The disk balancing algorithms which are current, nowadays, are more annoying than clever, and this is a consequence of the seeking capabilities of the disks. On devices which cannot seek, like big tape drives, the story was quite different, and one had to be very clever to ensure (far in advance) that each tape movement will be the most effective possible (that is, will best participate at "progressing" the merge). Some tapes were even able to read backwards, and this was also used to avoid the rewinding time. Believe me, real good tape sorts were quite spectacular to watch! From all times, sorting has always been a Great Art! :-)
I appreciate sorting algorithm visualisations (audibilisations?) like
SORTDEMO.BAS and The Sound of Sorting, but these are only really available for random-access sorting algorithms. Those are nice, but I imagine that sequential-access sorting algorithms would have a beauty that these lack. (Music is, after all, about sequential patterns.)
The only trouble is that – apart from cocktail sort and (polyphase) merge sort – I can't find really find any! A web search turns up:
A Yahoo! Groups thread with some source snippets from OS/360 and a load of technical details I don't understand – but no sorting algorithm;
The Honeywell Series 200 software manual Programming and Operating Procedures for the Programs Tape Sort C and Collate C, which gives a high-level "Summary Description" of its algorithm in Section I (enough to understand it's a variant of polyphase merge sort; not enough to re-implement it), and references a document I can't find:
1: For more detailed information concerning the sorting techniques applied in Tape Sort C, refer to Honeywell Technical Bulletin No. 118 entitled Sorting Capabilities Report, File Number 127.6105.0200.00.00.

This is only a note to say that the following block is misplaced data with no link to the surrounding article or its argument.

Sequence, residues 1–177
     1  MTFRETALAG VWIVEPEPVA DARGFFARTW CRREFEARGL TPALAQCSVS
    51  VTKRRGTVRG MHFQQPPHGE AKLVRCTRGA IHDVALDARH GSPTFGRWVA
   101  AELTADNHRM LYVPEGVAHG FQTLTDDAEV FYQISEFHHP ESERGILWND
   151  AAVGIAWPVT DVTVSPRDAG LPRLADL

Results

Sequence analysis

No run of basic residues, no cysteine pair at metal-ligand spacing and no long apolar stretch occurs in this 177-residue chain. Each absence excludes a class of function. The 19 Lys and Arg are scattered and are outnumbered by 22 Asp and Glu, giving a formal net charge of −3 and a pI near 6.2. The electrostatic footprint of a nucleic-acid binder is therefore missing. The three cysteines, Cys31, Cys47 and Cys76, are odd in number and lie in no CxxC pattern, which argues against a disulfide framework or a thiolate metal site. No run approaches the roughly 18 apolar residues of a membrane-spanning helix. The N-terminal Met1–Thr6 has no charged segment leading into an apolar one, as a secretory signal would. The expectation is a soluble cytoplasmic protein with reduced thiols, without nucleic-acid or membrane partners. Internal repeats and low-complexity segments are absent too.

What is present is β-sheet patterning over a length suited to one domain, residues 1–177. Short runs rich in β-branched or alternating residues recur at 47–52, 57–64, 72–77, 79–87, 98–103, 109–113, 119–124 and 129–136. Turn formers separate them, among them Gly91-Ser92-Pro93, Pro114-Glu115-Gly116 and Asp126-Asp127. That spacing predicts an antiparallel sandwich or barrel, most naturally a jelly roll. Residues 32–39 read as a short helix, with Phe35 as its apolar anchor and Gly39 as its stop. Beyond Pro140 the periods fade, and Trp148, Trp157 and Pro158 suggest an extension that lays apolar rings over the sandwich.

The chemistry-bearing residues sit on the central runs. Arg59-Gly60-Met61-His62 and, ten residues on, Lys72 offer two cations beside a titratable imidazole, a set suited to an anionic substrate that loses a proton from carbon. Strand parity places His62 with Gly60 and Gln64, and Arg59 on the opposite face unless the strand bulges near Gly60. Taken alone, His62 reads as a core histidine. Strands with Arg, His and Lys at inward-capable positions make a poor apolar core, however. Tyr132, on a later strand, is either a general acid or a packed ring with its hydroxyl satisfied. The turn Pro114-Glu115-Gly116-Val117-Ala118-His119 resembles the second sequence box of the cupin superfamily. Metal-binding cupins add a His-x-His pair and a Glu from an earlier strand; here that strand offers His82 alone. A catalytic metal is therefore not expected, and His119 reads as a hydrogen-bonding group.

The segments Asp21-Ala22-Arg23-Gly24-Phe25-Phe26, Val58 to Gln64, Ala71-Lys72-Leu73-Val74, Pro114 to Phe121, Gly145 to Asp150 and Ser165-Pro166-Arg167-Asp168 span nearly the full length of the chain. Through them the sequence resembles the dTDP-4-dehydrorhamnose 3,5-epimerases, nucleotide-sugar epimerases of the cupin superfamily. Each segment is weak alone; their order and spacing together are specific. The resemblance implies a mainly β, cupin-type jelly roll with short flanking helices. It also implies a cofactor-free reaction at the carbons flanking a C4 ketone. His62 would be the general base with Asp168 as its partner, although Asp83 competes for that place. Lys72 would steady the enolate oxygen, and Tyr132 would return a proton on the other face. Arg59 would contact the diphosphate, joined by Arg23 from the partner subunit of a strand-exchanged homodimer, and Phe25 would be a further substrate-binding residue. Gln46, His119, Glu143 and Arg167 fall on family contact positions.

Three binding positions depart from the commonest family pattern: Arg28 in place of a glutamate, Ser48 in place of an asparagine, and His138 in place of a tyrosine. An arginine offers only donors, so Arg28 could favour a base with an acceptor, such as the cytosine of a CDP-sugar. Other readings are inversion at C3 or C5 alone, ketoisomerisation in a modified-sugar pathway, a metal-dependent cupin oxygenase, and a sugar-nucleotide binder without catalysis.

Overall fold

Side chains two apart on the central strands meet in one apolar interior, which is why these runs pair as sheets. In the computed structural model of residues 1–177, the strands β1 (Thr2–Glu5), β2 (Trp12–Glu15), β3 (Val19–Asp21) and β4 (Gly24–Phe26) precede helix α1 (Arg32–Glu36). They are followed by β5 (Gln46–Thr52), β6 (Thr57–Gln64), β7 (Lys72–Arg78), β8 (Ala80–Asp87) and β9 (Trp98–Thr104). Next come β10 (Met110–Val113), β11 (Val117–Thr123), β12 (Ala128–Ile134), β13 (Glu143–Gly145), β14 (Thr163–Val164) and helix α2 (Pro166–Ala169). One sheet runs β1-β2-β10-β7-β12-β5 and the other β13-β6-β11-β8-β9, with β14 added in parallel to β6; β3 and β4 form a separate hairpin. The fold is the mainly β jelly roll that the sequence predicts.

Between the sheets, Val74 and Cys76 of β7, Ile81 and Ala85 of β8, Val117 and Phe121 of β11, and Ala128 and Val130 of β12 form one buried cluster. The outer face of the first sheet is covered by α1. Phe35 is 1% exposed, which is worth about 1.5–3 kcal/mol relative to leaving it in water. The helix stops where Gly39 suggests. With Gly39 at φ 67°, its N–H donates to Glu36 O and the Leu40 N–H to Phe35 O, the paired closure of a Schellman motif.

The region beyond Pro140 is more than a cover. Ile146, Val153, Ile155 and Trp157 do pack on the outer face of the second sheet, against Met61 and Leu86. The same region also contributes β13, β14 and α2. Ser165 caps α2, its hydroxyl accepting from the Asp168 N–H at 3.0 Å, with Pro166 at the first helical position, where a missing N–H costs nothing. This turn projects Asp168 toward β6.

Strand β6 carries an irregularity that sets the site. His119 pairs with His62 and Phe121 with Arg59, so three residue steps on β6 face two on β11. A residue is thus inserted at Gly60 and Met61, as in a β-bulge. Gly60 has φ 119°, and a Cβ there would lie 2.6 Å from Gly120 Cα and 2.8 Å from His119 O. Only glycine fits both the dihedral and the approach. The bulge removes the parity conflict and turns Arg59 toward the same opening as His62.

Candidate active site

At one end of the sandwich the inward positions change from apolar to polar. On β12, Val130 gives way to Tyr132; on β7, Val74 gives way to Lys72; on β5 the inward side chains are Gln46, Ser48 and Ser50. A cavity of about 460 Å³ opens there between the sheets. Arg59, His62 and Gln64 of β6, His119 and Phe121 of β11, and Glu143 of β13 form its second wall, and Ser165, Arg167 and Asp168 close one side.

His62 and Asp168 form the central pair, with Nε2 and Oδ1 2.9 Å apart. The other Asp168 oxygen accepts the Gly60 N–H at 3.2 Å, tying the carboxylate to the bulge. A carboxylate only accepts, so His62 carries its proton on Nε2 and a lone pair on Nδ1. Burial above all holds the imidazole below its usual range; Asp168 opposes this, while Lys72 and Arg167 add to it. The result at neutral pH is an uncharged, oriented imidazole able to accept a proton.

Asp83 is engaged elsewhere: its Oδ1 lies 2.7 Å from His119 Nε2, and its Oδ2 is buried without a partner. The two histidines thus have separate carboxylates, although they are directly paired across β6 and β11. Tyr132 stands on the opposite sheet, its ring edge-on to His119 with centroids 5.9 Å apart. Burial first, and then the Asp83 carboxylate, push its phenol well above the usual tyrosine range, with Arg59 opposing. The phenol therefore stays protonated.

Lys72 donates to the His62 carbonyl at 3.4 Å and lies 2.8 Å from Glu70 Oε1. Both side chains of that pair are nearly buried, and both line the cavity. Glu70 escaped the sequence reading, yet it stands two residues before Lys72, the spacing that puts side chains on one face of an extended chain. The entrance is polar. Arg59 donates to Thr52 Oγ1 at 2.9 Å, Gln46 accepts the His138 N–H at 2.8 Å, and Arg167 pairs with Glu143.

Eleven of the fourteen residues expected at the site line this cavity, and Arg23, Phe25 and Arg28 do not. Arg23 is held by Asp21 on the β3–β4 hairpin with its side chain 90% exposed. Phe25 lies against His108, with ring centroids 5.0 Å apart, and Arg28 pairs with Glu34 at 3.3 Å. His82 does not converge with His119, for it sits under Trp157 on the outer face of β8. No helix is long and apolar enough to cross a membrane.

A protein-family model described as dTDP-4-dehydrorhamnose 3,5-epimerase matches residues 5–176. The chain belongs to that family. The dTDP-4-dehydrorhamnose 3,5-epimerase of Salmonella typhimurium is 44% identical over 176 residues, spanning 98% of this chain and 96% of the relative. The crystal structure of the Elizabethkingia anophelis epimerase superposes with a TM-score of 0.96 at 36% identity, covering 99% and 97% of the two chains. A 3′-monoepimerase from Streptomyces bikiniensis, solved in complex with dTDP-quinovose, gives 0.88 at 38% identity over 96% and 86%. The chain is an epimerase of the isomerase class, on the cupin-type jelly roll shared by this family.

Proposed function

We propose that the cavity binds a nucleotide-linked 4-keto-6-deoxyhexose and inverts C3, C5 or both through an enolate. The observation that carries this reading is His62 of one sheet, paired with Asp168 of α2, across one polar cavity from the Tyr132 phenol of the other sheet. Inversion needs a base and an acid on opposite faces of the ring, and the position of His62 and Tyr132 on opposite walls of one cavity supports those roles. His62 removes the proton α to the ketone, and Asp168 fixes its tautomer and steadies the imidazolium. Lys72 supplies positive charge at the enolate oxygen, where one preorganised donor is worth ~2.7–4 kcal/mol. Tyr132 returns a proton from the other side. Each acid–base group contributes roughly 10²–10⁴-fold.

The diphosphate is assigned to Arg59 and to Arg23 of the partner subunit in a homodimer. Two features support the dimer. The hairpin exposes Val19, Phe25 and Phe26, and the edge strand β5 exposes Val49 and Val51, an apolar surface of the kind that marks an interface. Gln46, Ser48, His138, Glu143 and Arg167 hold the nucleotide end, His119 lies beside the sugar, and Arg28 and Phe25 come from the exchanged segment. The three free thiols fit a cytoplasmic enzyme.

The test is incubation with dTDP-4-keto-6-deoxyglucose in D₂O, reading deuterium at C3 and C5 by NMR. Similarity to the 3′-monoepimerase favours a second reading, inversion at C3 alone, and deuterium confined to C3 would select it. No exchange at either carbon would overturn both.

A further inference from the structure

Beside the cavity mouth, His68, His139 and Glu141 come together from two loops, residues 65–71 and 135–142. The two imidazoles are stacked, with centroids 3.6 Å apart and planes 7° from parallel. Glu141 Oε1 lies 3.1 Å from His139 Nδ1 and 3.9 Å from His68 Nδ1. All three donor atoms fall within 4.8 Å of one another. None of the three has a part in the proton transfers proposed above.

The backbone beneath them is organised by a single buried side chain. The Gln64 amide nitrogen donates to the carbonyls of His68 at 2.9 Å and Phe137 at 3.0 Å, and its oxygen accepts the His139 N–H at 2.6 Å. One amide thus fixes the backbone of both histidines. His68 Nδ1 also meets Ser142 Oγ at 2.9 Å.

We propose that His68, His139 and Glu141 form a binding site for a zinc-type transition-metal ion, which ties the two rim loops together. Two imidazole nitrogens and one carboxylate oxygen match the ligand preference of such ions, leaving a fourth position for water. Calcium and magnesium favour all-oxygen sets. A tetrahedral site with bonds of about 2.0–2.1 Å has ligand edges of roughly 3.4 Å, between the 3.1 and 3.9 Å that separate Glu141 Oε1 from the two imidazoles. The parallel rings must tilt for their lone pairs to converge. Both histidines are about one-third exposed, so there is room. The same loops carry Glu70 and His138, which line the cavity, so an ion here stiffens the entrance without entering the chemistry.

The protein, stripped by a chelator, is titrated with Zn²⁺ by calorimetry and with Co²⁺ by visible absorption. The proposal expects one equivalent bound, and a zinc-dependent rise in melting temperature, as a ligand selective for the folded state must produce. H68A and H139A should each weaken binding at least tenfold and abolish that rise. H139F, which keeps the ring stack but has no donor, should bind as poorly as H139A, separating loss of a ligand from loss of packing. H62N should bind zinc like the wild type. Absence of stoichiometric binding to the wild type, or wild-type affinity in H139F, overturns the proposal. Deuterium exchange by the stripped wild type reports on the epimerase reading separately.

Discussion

C++ code, presumably written by a student of an unknown CSC317 university course, demonstrating a very inefficient tape sorting algorithm: almost certainly not one used in practice;
Algorithm for External Sorting, Multiway Merge, Polyphase Merge, Replacement Selection, which explains some of the techniques mentioned in Sort C and Collate C;
Some academic papers: Subroutinized tape sorting (1967) (that I can't access; thanks, Springer!); and Parallelism in tape-sorting (1974), which describes three algorithms (one "well known and widely used", and two derivative algorithms).
These are of limited usefulness to me. There's a lot of stuff I don't understand, and the only information I can get out of this is high-level, theoretical descriptions of algorithms. There are always optimisations you can make for the hardware you're working with; those implementation details can contribute as much to the character of a sort as the high-level algorithm it's implementing. I want to know what these "real good tape sorts" look like!
What significant algorithms were used to sort data records stored on tapes?
- What algorithms improved on the state of the art?
- What algorithms were useful with particular hardware setups?
- What algorithms were most popular / widely-used during magnetic tape's heyday?